Pretty as a Pictor: Painters in the Roman Mediterranean

Σαβεῖνοςζωγράφος ἐτῶνκϛʹ.εὐψύχως Sabinus, a painter, 26 years old, good luck! Fayoum 1:40=PHI 215881, Aueris (Hawāra) — Rom. Imp. period — SB 1.682. On a red marble epitaph from Hawara now in the Cairo Museum is the commemoration of a young painter living in Roman Egypt named Sabinus. We have a number of epitaphs and mentionsContinue reading “Pretty as a Pictor: Painters in the Roman Mediterranean”

Fasti-dious: Gnaeus Flavius and the Power of the Calendar

A certain scribe was then discovered, Gnaeus Flavius, who pierced the eyes of crows [i.e. outwitted those in the know] and published the calendar of court days to the people and in this way stole the knowledge of the legal calendar from the astute legal experts.[i] Cicero, In Defense of Murena, 25. A former scribaContinue reading “Fasti-dious: Gnaeus Flavius and the Power of the Calendar”

On Auctoritas and Antiquity

Post id tempus auctoritate omnibus praestiti, potestatis autem nihilo amplius habui quam ceteri qui mihi quoque in magistratu conlegae fuerunt. After that time, I exceeded all persons in auctoritas; however, I had no greater potestas than the others who were colleagues with me in each magistracy. Res Gestae 34.10-12. In his Res Gestae, Augustus noted that afterContinue reading “On Auctoritas and Antiquity”

Introducing Pasts Imperfect: New Spaces for Public Scholarship

Pasts Imperfect is a weekly newsletter amplifying and supporting public writing focused on a global antiquity. Subscribe here: https://pastsimperfect.substack.com/ For our first newsletter, we wanted to signal boost the creation of a number of new spaces welcoming public writing focused on ancient pasts from a global perspective. These spaces underscore scholarship from diverse scholars as wellContinue reading “Introducing Pasts Imperfect: New Spaces for Public Scholarship”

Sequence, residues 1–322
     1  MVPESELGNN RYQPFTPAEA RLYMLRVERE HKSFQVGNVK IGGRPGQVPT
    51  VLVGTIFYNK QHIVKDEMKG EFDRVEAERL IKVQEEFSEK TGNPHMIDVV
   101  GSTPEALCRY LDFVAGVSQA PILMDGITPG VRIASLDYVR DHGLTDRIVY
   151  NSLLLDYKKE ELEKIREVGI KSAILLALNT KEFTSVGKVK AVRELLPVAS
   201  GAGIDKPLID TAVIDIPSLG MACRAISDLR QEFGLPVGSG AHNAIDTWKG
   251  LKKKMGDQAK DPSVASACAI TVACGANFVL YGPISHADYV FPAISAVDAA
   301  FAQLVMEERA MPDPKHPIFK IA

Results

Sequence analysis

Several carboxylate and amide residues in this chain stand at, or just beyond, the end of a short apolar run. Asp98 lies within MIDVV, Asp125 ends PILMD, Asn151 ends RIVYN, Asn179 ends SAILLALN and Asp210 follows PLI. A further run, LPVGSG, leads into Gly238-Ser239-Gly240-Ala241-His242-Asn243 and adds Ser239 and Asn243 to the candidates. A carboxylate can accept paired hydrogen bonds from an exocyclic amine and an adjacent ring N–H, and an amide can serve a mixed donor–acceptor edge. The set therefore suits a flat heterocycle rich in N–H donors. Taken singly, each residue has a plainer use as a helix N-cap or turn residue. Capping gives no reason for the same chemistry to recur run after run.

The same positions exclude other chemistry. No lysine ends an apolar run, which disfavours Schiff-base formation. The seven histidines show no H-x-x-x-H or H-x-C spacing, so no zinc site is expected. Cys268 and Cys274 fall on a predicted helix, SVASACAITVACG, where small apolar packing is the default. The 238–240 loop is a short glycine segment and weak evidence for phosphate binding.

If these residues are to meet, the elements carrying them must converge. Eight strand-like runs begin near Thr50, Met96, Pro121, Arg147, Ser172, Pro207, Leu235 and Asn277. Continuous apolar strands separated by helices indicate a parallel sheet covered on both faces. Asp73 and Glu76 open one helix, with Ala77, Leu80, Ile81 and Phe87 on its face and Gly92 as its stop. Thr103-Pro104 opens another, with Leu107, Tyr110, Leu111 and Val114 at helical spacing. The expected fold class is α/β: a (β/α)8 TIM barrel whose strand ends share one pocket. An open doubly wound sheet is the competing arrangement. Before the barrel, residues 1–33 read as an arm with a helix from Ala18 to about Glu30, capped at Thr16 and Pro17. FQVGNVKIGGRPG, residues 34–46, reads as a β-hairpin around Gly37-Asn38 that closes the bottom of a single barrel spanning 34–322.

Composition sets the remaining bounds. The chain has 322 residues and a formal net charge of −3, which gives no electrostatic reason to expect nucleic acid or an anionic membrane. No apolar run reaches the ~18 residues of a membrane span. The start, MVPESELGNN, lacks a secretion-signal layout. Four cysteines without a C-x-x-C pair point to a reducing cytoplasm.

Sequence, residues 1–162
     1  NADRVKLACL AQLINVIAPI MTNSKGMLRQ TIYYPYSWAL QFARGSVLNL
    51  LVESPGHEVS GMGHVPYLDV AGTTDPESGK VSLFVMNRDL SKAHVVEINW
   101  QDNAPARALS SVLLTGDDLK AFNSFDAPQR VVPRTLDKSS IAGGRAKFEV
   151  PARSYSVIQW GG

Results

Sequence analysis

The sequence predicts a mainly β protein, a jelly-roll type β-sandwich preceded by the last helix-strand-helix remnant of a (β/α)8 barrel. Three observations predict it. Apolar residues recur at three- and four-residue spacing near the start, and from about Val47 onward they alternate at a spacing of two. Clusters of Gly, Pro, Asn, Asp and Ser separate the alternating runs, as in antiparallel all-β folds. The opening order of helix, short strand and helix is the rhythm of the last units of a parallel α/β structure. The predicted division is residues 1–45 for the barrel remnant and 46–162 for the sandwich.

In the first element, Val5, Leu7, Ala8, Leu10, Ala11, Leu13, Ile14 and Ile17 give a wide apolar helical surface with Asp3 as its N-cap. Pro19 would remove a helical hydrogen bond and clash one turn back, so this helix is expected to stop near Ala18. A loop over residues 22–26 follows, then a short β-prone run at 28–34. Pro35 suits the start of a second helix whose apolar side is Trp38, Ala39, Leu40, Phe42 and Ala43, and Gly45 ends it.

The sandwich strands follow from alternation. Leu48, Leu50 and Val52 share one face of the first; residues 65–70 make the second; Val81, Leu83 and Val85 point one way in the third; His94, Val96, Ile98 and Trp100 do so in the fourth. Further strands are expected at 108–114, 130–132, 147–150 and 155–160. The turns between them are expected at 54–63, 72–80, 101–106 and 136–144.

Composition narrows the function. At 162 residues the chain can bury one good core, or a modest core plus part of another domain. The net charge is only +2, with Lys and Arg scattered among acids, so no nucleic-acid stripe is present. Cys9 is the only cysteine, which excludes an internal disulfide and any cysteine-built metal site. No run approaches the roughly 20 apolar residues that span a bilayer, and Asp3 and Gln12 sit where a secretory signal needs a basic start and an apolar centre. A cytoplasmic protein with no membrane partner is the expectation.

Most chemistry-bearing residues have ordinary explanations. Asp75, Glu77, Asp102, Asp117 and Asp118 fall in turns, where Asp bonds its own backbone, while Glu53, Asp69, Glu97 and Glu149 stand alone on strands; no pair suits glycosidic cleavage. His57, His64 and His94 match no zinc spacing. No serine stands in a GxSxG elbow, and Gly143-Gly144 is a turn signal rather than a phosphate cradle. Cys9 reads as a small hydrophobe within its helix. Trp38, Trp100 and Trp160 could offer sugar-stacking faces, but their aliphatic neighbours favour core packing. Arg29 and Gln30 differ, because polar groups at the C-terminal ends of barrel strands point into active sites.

Curious about the Beginning and End of the Olympics?

By Sarah E. Bond and Joel Christensen This post is cross-posted with Sententiae Antiquae. The 2020 Olympics, postponed because of COVID19, are due to start this week in Japan. They might be cancelled again, but the athletes have been training hard and Sarah E. Bond and I talked about the beginning, the end, and the tender partsContinue reading “Curious about the Beginning and End of the Olympics?”

Following the Stylus Manual: Roman everyday writing equipment

‘I have come from the City. I bring you a welcome gift
with a sharp point that you may remember me.
I ask, if fortune allowed, that I might be able (to give)
as generously as the way is long (and) as my purse is empty.’
(trans. Tomlin 2019)

Nefertiti and Digital Colonialism: A Short Bibliography

I am not an Egyptologist. My specialities are digital humanities, epigraphy, and the laws of the late Roman Empire. The beauty of academia and of journalism is that far more brilliant people than you can allow exploration of intellectual terrain through their research, writing, and excavation. This is certainly the case for my new articleContinue reading “Nefertiti and Digital Colonialism: A Short Bibliography”

A Red Letter Way: Color, Writing, and Reading in Antiquity and the Middle Ages

Within most medieval books of hours, there were ecclesiastical calendars that had important holy days printed in red. This was a type of textual highlighting used to call attention to important festivals; a visual language that had long indicated significant textual features, paragraph organization, and wordplay (e.g. acrostics). The Latin word for red ochre and red coloring in general was rubrīca. As such, making a text red is called “rubrication” and influenced the original use for the word “rubric.” The practice of coloring significant dates in red is perhaps best known through the English idiom of a “red letter day.”

At the Copa: Women, Clothing, and Color Codes in Roman Taverns

On February 3, 326 CE, Constantine issued a legal clarification for Augustus’ Lex Julia de adulteriis, ruling that the wives of tavern owners (here labeled an uxor tabernarii) could be brought up on charges of adultery, but that the the barmaids working within the tavern could not be. Their lowly status as an ancilla orContinue reading “At the Copa: Women, Clothing, and Color Codes in Roman Taverns”

Ancient 3D Models Before Digital Modeling

Last week, my interview with Abydos Archaeology’s Matthew Douglas Adams was published at Hyperallergic. The article focused on the discovery of an industrial royal brewery dating to 3100-2900 BCE at the Egyptian site of Abydos, where Adams co-directs the excavation with Deborah Vischak, as part of fieldwork supported by New York University’s Institute of Fine Arts and Princeton University. InContinue reading “Ancient 3D Models Before Digital Modeling”